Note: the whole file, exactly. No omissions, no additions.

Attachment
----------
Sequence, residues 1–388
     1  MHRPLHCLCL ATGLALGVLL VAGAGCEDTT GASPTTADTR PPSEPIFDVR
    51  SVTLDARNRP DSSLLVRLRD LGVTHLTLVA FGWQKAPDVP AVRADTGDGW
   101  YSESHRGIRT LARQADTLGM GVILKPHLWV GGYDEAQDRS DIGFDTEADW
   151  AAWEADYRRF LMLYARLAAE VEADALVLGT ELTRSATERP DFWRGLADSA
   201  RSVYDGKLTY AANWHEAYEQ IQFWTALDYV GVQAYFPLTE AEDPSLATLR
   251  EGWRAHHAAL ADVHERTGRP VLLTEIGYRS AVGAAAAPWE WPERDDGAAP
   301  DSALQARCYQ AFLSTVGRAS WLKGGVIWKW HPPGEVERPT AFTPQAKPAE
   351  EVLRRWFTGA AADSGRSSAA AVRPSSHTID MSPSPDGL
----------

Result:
Sequence, residues 1–388
     1  MHRPLHCLCL ATGLALGVLL VAGAGCEDTT GASPTTADTR PPSEPIFDVR
    51  SVTLDARNRP DSSLLVRLRD LGVTHLTLVA FGWQKAPDVP AVRADTGDGW
   101  YSESHRGIRT LARQADTLGM GVILKPHLWV GGYDEAQDRS DIGFDTEADW
   151  AAWEADYRRF LMLYARLAAE VEADALVLGT ELTRSATERP DFWRGLADSA
   201  RSVYDGKLTY AANWHEAYEQ IQFWTALDYV GVQAYFPLTE AEDPSLATLR
   251  EGWRAHHAAL ADVHERTGRP VLLTEIGYRS AVGAAAAPWE WPERDDGAAP
   301  DSALQARCYQ AFLSTVGRAS WLKGGVIWKW HPPGEVERPT AFTPQAKPAE
   351  EVLRRWFTGA AADSGRSSAA AVRPSSHTID MSPSPDGL